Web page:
A La Nina watch has been issued by the Bureau of Meteorology for the first time since February 2018, strengthening evidence that Australia may be heading out of drought.
"La Nina basically means, for Australia, an increased risk of rainfall — particularly in central, eastern and northern parts of the country," said Andrew Watkins, the head of long-range forecasting at the BOM.
A "watch" means the chance of La Nina forming this year is around 50 per cent — roughly double the average likelihood.
"La Nina is a cooling in the central and eastern tropical Pacific Ocean," Dr Watkins said.
"When that couples with the atmosphere, we start to see some global impacts, including those in Australia."
Along with the chance of increased rain, La Nina also increases the chance of flooding and cyclones in Australia.
"Historically, roughly half the La Nina events saw some degree of flooding," Dr Watkins said.
"We want to make sure people are aware that something could happen, so it's time to start thinking about what you might do in La Nina."
La Nina can be a drought-breaker
La Nina is crucial in ending droughts in Australia, according to new research co-authored by Andrew King, a climatologist from the University of Melbourne.
"La Nina seasons are just a lot wetter on average than either El Nino or neutral seasons," Dr King said.
El Nino seasons see cooler Pacific Ocean temperatures closer to Australia, leading to decreased chance of rain.
Dr King looked back through more than a century of climate data to show drought in Australia is strongly linked to an absence of the two main rain-bringing climate drivers: La Nina and a negative Indian Ocean Dipole (IOD), which is a La Nina-like condition in the Indian Ocean.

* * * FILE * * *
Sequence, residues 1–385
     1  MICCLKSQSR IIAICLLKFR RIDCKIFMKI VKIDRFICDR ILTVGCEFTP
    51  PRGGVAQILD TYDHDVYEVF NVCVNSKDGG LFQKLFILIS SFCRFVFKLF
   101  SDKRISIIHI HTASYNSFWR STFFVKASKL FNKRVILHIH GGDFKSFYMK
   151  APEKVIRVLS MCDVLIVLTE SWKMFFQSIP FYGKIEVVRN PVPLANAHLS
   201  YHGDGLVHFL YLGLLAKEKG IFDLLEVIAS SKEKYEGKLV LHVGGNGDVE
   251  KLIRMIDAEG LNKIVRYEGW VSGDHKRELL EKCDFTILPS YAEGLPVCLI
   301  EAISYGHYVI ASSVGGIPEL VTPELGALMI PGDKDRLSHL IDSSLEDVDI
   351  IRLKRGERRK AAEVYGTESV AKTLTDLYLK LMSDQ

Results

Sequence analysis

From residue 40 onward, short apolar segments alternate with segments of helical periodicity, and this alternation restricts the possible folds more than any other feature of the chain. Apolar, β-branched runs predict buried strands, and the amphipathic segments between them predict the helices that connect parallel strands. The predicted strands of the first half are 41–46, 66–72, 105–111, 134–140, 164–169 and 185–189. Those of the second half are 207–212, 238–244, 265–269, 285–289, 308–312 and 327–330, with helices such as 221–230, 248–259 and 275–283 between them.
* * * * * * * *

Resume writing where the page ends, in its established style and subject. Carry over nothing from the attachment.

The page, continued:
"Drought-breaking rainfall is considerably more likely to occur during a La Nina season than either an El Nino or ENSO-neutral season," Dr King said.
"With La Nina we tend to have a lot more moisture available and more rain bringing weather systems.
"It's just having a lack of those conditions associated often with La Nina that really helps droughts develop in Australia."
12 consecutive dry seasons
According to Dr King, Australia's last really wet winter was 2016 — the fourth wettest ever for the Murray Darling Basin.
That winter saw a strong negative IOD.
Since then, there have been no significant negative IOD or La Nina events, except for a weak La Nina over the summer of 2017-18.
At the same time, the Murray Darling Basin saw 12 consecutive seasons of below-average rainfall — the longest such period since 1900.
The basin experienced three dry winters, in 2017, 2018 and 2019 — the longest dry run since 1900.
"There haven't been many signals at all indicating above-average rainfall for anywhere in particular over Australia, at least for the last two years," the Bureau's Dr Watkins said.
"But this year? Yes."
Dr King said that "this Autumn was actually slightly wetter than normal in the Murray Darling Basin".
"And that broke the record-breaking run of dry seasons," he said.
According to the Bureau of Meteorology, a wetter than average first five months of 2020 has eased the severity of short-term deficiencies over much of eastern Australia and has provided a better start to the winter cropping season in many regions.
Many big droughts coincide with no La Nina or negative IOD
The more Dr King delved into Australia's weather records over the past 100 years, the more he found many major Australian droughts, including the Millennium and World War II droughts, coincided with several of the longer-lasting periods when La Nina and negative IOD events did not occur.
With this in mind, the climate scientist welcomes the increased chance of a return of La Nina.
"It's not a guarantee, but it's good news for sure," he said.
"It should mean it increases the likelihood of having wetter than normal conditions across large swathes of eastern Australia, which have been in drought."ABC